Monday, April 16, 2012
step by step, the longest march
I arrived to visit my dad on Friday April 13 in mid-afternoon. After declaring emphatically that he didn’t want to go for a walk (apparently he had refused earlier in the day too), dad eventually consented to go as far as the activity room to read the paper. We sang (My life flows on, and "Kisses sweeter than wine" with lyrics modified to reflect his life with mum, among other things).
After supper, dad became quite excited about the idea of getting out for a walk (“we can send for those books & photos later”) so I got him dressed and headed (with the walker) down then out towards the driveway entrance off Major St. near College. It took two rest stops outbound and three on the return, as well as an uncounted number of verses of:
Step by step, the longest march
Can be won, can be won.
Many stones can form an arch
Singly none, singly none.
And by union what we will
Can be accomplished still.
Drops of water turn a mill.
Singly none, singly none.
(This is great walking song, which my sister Margie says is attributed to the foreword from a 19th century miners' union constitution according to liner notes from a Pete Seeger album. There is some different history with a great performance by John McCutcheon here).
After our return (the whole excursion to the corner of the driveway and back took about an hour, maybe 40-60 meters total traveled) he wanted to sing more, so we did. After repeating How can I keep from Singing, he remarked “you seem to have recovered pretty well from your experience (long pause) on the boat” – this from someone who an hour earlier had been unable to remember my brother Danny’s name or mine, or even the word “brother” to describe our relationship (“You two, same mother, right?"). Uncharacteristically, I was not wearing any sort of political t-shirt or even a button as a clue, and my boat experience would be neither in his immediate memory, nor in his well-laid-down distant memories, and there are no immediate print cues around either (I later printed this account out for him to read, or have read to him). The song was of course connected to my boat experience for me (but not so much for him), but not very recently -- it had been sung much more recently at mum's memorial).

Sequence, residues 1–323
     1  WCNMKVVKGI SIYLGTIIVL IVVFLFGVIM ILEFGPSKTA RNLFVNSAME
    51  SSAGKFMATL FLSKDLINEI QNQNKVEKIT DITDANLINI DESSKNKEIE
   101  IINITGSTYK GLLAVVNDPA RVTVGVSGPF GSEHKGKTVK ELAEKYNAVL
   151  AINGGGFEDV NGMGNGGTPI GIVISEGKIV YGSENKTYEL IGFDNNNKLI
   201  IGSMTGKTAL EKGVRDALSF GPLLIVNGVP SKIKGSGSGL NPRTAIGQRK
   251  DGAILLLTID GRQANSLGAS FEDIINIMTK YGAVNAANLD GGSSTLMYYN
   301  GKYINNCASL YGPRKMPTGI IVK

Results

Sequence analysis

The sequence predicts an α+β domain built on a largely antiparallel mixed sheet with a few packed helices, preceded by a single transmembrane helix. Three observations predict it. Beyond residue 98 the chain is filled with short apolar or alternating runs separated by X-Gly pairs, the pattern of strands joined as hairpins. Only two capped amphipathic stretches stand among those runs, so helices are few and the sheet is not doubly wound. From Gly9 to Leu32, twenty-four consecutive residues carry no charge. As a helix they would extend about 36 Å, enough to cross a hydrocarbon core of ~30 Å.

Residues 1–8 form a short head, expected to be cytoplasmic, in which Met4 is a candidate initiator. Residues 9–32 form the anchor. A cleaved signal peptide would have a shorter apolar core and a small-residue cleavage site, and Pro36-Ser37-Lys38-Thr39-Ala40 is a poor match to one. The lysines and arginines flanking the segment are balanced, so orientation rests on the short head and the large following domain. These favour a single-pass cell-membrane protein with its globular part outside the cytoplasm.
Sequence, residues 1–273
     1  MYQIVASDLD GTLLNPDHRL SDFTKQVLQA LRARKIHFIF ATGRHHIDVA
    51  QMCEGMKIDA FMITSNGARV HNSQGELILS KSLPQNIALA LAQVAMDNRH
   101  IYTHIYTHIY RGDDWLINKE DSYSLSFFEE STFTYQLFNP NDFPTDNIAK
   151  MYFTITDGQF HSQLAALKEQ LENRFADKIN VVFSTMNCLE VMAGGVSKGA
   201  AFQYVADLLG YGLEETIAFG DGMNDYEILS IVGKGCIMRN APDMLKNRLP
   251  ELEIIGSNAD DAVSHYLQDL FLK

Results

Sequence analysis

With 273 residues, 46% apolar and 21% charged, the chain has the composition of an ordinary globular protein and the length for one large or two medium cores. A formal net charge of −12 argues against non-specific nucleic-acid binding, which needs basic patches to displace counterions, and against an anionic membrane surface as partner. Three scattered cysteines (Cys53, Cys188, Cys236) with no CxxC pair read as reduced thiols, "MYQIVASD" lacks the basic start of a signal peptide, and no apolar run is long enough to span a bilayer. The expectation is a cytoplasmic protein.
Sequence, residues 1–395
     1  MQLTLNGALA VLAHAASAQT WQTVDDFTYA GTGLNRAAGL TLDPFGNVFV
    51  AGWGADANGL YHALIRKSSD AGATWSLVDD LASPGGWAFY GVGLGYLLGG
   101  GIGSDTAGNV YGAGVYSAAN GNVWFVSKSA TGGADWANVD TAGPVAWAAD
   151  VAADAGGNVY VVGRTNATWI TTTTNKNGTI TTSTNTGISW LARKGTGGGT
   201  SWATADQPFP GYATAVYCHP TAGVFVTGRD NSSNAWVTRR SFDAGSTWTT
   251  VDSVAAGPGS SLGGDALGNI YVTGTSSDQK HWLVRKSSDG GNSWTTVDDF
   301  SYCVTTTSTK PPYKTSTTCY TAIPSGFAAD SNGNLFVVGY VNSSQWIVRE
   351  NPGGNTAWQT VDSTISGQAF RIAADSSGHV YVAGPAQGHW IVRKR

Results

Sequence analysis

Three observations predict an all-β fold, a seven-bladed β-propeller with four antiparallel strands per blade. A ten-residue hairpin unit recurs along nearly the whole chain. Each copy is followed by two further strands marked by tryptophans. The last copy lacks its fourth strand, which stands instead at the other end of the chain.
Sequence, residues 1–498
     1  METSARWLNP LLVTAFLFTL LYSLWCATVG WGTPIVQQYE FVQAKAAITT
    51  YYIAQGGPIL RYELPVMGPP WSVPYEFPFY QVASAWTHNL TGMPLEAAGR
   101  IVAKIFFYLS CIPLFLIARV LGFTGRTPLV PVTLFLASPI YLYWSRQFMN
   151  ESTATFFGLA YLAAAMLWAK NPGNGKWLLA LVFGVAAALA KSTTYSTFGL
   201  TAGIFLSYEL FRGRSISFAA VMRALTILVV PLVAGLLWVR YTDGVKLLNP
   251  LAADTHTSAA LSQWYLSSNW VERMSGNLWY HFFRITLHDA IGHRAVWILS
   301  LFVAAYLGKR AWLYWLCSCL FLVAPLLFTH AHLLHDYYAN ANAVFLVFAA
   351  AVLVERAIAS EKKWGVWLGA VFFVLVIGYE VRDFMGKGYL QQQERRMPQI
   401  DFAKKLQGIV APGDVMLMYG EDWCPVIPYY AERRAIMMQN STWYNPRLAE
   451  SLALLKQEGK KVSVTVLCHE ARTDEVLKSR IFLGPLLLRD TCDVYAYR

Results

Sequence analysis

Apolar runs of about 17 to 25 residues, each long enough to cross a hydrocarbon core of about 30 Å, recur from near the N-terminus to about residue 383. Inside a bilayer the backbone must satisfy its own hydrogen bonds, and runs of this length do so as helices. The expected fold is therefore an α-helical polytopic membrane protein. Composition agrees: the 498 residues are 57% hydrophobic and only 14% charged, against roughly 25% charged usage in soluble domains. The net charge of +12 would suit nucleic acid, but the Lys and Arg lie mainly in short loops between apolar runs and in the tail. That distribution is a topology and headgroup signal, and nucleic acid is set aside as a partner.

Dad’s acceptance of a walk (or any activity) seems to be conditioned by luck as well as stubbornness, but as my brother Danny points out, stubbornness helps create opportunities for luck. As luck (¿?) would have it, dad turns out to be related to some stubborn people.